Labour’s shadow education secretary Bridget Phillipson was asked on Sky News earlier which Conservative leadership candidate she was most worried about fighting at a general election, and was dismissive of them all, telling viewers:

I’m not worried about any of them. I don’t think we’ve got anything to fear from any of the candidates. The reason for that is that all of them have propped up Boris Johnson and the Conservative government for 12 years now.

And over those 12 years, what have we seen happen in our country? We’ve seen our vital public services, whether that’s schools or hospitals, get worse and worse. Britain is completely stuck. You can’t renew your passport. More and more people going to food banks, rising levels of child poverty, growth at a terrible level, a consistent failure to grow our economy. And what are they all doing? An arms race around tax cuts, none of them prepared to set out what that means.

Penny Mordaunt has just been interviewed by Sophie Raworth on BBC One and she’s had quite a torrid time of it.

In a quick-fire questions round, she has just ruled out a Scottish independence referendum, saying “it is a settled question”. She refused to discuss potential cabinet positions, says she is committed to net zero by 2050 provided it doesn’t “clobber people”, said said would not withdraw the UK from the ECHR, and that while she didn’t rule it out, she said privatising Channel 4 would not be a priority for her as “it doesn’t help with the cost of living”.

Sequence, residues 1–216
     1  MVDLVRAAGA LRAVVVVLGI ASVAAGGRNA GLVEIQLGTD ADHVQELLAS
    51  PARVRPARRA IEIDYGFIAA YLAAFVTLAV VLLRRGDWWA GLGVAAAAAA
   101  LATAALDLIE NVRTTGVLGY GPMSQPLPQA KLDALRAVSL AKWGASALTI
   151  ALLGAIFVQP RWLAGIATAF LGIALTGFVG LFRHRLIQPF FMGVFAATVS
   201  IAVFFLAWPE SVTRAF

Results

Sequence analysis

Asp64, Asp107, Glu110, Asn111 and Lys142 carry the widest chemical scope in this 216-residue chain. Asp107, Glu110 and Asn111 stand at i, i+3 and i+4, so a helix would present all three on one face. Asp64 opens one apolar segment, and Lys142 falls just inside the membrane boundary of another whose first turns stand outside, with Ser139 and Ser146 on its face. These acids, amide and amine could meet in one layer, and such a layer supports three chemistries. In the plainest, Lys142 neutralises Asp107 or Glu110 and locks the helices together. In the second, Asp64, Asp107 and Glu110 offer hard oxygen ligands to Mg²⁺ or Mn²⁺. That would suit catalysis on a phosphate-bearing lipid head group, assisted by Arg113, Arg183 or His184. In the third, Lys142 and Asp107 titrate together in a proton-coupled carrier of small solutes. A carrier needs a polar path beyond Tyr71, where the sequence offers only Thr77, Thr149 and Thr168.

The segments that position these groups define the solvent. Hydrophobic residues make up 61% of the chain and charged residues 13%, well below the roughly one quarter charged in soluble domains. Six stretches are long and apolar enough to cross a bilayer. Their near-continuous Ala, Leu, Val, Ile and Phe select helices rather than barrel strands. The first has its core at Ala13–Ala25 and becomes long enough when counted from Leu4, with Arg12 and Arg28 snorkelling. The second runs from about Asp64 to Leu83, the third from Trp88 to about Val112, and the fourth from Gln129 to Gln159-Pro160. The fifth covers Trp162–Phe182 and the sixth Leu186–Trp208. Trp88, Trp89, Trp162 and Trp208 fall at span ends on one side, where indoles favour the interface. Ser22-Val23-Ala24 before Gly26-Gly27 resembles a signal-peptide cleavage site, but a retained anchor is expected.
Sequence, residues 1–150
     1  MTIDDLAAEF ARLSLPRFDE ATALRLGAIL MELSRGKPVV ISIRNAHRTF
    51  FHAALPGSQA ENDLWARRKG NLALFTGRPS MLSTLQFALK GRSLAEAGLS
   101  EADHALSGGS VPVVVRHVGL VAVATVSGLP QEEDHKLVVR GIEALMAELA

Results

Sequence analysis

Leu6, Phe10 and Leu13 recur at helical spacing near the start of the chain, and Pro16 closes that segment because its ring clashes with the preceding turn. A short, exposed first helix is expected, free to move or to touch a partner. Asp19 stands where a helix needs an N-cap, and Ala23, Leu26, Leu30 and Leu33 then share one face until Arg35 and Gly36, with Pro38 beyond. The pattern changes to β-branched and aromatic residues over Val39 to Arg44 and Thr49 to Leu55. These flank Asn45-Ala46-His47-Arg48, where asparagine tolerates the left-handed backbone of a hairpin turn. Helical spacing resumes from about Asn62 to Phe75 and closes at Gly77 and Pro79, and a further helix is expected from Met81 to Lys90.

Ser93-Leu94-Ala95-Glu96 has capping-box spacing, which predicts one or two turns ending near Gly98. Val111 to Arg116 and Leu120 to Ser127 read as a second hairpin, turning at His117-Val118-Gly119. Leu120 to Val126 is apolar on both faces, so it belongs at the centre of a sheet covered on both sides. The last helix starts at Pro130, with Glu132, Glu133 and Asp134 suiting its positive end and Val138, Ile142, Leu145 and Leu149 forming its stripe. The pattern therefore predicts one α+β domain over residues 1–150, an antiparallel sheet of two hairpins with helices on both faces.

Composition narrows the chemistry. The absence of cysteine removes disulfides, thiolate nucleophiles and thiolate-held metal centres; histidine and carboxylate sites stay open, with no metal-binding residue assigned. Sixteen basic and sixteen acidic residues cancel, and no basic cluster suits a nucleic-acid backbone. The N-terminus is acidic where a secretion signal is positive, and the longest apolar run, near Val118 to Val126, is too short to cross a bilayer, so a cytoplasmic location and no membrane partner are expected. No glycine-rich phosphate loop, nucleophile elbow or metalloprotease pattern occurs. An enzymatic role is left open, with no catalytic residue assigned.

That answer on Scotland has not, of course, gone down very well in all quarters.

What an unedifying Tory leadership contest this is. On the Sunday Show @TomTugendhat follows @BorisJohnson in refusing to accept democracy and Scotland’s right to choose and then a car crash with @PennyMordaunt on the economy and the lies of the Brexit campaign over Turkey.

— Ian Blackford 🇺🇦🏴󠁧󠁢󠁳󠁣󠁴󠁿 (@Ianblackford_MP) July 17, 2022

That reference to Turkey is just one of the tangled messes Mordaunt got herself into. The other was in questions again about her stance on transgender rights and self-ID. As ever, though, the performance possibly just confirmed what you believed already.

On @sophieraworth this morning, @PennyMordaunt very clearly demonstrating why she should be our next Prime Minister.

She will unite our country and has a clear plan to tackle the cost of living crisis and delivering economic growth.#PM4PM

— John Lamont MP 🇬🇧🏴󠁧󠁢󠁳󠁣󠁴󠁿 (@John2Win) July 17, 2022

I think Penny Mordaunt might just have lost the Tory leadership after that pitiful performance. Simply awful. #SundayMorning

— Pete Wishart (@PeteWishart) July 17, 2022

Incidentally, during her show, Raworth said that she had invited all five candidates to appear, but only Mordaunt and Tom Tugendhat had agreed.